Stereotactic body radiation therapy (SBRT) for early stage lung cancer delivers clinically significant radiation to the draining lymph nodes
Bhupesh Parashar, Prabhsimranjot Singh, Paul Christos, Shruthi Arora, Prashant Desai, A. Gabriella Wernicke, Marylynn Delamerced, Dustin Boothe, Dattatreyudu Nori and KSC Chao
Background: To evaluate clinically significant radiotherapy (RT) dose to draining lymph nodes (LN) in patients treated with SBRT.
Findings: Early stage non-small cell lung cancer patients treated with SBRT were selected for analysis. Patients received SBRT if they were not considered eligible for surgical resection. RT plans for 29 patients (32 lesions) were analyzed. For each patient, ipsilateral and contralateral levels 2, 3, 4, 5, 6, 7 and ipsilateral hilar LN stations were contoured. Dose volume histograms and dosimetric coverage of each lymph node region were obtained for each patient. There were 14 males and 15 females. Median age was 75 (range 60-89). Clinically significant RT was received at the corresponding draining lymph node station depending on the primary tumor location. Friedman’s non-parametric test revealed a statistically significant difference in RT dose to LN stations depending on the location of the tumor (p<0.0001).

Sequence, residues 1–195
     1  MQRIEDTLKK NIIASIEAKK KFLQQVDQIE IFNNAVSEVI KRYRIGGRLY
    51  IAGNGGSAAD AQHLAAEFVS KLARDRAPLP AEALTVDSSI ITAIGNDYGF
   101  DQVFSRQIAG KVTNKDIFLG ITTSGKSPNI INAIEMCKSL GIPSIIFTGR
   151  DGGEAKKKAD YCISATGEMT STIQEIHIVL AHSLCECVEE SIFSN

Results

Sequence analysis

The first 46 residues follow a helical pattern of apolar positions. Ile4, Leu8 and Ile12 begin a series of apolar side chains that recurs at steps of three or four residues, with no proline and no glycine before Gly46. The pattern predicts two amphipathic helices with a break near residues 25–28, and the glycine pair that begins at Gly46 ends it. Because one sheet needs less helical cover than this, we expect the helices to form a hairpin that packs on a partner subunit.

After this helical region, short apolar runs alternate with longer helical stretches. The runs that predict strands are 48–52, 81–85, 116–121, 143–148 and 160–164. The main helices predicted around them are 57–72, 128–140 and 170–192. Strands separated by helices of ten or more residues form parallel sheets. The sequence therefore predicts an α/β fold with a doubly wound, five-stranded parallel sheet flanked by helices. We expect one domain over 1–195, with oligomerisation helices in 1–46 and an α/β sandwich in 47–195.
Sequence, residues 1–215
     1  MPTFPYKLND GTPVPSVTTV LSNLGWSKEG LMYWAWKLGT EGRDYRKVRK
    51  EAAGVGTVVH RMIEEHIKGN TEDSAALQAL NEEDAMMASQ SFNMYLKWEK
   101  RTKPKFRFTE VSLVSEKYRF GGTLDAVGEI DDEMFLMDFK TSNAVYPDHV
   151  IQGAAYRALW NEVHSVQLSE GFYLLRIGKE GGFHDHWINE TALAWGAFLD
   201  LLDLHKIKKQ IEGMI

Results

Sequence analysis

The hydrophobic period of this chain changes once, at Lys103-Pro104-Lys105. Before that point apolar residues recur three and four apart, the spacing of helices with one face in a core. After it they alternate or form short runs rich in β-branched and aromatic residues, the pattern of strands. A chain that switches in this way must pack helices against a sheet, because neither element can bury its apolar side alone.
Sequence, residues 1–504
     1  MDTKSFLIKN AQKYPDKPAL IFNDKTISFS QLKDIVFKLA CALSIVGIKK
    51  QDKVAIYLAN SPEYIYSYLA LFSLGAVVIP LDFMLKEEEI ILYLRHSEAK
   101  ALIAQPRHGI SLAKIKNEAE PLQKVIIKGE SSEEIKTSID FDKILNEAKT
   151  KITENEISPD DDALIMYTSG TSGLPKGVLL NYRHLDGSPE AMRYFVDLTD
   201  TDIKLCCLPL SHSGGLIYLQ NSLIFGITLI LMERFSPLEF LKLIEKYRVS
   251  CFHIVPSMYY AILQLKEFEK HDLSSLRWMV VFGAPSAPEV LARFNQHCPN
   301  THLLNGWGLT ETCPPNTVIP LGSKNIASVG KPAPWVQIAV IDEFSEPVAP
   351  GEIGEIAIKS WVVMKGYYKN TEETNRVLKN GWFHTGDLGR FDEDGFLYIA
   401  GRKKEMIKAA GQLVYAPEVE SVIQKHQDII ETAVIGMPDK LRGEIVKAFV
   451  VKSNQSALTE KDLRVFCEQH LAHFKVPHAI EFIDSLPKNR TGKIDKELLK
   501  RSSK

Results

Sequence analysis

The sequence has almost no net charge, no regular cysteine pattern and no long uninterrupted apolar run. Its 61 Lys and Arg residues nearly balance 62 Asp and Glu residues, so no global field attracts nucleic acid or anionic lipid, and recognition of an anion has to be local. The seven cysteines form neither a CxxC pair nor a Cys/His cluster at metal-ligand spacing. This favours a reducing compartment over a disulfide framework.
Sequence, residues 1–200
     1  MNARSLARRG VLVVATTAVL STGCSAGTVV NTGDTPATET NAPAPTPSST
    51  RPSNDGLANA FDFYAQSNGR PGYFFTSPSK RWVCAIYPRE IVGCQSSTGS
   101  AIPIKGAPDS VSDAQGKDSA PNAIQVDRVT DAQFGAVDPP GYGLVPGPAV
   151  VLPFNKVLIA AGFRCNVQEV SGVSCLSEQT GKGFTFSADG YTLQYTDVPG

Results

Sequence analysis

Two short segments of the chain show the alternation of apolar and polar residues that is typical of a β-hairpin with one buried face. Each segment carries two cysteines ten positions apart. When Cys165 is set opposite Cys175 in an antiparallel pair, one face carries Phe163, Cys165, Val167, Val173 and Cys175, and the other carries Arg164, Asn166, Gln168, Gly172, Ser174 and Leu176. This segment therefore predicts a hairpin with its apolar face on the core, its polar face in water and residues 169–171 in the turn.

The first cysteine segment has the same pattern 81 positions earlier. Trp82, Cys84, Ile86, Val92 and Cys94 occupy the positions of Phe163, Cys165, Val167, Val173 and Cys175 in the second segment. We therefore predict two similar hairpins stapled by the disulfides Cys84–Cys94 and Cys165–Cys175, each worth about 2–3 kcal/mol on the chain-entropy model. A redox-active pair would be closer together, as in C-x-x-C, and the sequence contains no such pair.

Conclusion: SBRT for early stage lung cancer results in significant RT dose to the draining LN. This RT dose may be sufficient to eliminate subclinical microscopic disease despite being a highly conformal treatment. Prospective studies are needed to evaluate if SBRT is comparable to lobectomy plus mediastinal lymph node dissection as a treatment option.
Keywords: stereotactic, lung, lymph nodes, radiation, therapeutic, incidental